Technical Terms: HTTP, HTTPS, SSL, TLS and Certificate

When you are browsing web pages you are using either HTTP or HTTPS. The latter is the more secure way to view websites. HTTPS uses TLS and certificates to insure security, privacy and integrity.

Comments: 5 Responses to “Technical Terms: HTTP, HTTPS, SSL, TLS and Certificate”

    Robert Hutchison
    11 months ago

    Hi Garry, great video, thank you. I always wondered what the padlock meant when I went to a website, my question is how does it make it secure? I’m not sure I understood about the certificate, I’ve had it come up on my Mac and iPad in the past saying this certificate isn’t valid, or something similar. Thank you,
    Robert.

    11 months ago

    Robert: Simplified version: The website encrypts its data and sends it to your browser. Your browser identifies where the certificate for that encryption lies (with a trusted company) and fetches it. It uses this certificate to decrypt it for you. Same in reverse. It only works because your browser and the site both use and trust a third-party company with that certificate.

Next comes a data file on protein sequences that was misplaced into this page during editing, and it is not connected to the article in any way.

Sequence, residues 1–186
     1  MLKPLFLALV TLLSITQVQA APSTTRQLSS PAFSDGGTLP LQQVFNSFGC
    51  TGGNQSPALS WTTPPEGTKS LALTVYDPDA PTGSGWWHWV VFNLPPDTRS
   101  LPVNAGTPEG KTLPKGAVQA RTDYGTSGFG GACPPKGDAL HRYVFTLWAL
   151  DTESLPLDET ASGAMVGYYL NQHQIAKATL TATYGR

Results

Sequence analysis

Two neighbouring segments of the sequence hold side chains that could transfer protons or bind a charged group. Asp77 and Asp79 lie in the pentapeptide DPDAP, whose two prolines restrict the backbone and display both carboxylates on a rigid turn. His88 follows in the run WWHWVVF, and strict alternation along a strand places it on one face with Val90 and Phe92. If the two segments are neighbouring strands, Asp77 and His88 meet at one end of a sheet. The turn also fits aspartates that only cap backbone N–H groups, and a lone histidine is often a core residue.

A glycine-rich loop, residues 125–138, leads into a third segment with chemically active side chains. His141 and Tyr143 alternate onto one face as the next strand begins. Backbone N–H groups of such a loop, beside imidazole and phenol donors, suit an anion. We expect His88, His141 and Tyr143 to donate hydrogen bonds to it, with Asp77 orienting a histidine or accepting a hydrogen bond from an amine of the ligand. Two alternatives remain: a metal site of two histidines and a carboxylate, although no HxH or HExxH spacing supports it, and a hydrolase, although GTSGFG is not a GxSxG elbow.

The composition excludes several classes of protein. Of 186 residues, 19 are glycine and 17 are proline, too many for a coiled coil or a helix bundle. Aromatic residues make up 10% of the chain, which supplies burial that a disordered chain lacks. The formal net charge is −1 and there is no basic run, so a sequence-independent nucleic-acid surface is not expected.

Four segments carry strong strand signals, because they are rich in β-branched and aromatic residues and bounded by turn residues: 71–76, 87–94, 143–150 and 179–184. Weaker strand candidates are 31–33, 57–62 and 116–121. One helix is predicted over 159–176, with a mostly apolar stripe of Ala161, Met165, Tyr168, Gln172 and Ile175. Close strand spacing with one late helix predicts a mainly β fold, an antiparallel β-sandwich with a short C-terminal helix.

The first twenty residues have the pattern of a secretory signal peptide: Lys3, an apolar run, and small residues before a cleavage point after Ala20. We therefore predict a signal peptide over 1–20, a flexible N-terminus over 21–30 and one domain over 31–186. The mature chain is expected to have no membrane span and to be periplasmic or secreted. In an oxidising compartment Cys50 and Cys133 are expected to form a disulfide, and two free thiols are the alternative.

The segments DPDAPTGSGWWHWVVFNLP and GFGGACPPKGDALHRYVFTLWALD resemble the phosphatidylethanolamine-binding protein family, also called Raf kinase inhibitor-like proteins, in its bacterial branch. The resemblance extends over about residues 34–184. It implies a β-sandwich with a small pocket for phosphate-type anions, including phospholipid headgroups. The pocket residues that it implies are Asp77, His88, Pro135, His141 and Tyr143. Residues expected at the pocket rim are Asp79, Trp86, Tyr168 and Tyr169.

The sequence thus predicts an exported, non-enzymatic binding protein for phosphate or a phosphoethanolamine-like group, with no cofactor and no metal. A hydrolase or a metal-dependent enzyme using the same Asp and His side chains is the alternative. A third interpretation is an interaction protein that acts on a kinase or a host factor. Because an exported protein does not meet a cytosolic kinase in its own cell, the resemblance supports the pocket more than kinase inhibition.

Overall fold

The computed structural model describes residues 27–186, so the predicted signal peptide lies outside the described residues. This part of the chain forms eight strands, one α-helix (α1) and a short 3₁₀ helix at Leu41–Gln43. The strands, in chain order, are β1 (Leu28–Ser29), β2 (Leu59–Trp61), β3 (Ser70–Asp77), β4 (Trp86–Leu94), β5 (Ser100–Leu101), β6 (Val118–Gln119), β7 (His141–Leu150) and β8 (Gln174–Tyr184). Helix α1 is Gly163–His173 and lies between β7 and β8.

Think of it like this: If you buy something from a stranger on eBay, it is risky right? But what if you buy something from a person and it happens that you both have a good friend in common, one you both trust? The friend is common is the certificate company, you are the browser, and the stranger is the server.

    Fran
    11 months ago

    Would like more instructional videos on certificates how to get a certificate when you are sending emails.

    Robert Hutchison
    11 months ago

    Hi Garrry,
    Thank you very much. I understand how it works now.

    11 months ago

    Fran: Can you explain what you are trying to do? Maybe ask that in the forum, not here. Certificates are for websites in this context. So what is it you are trying to do with certificates in email? Are you trying to send encrypted email for some reason?

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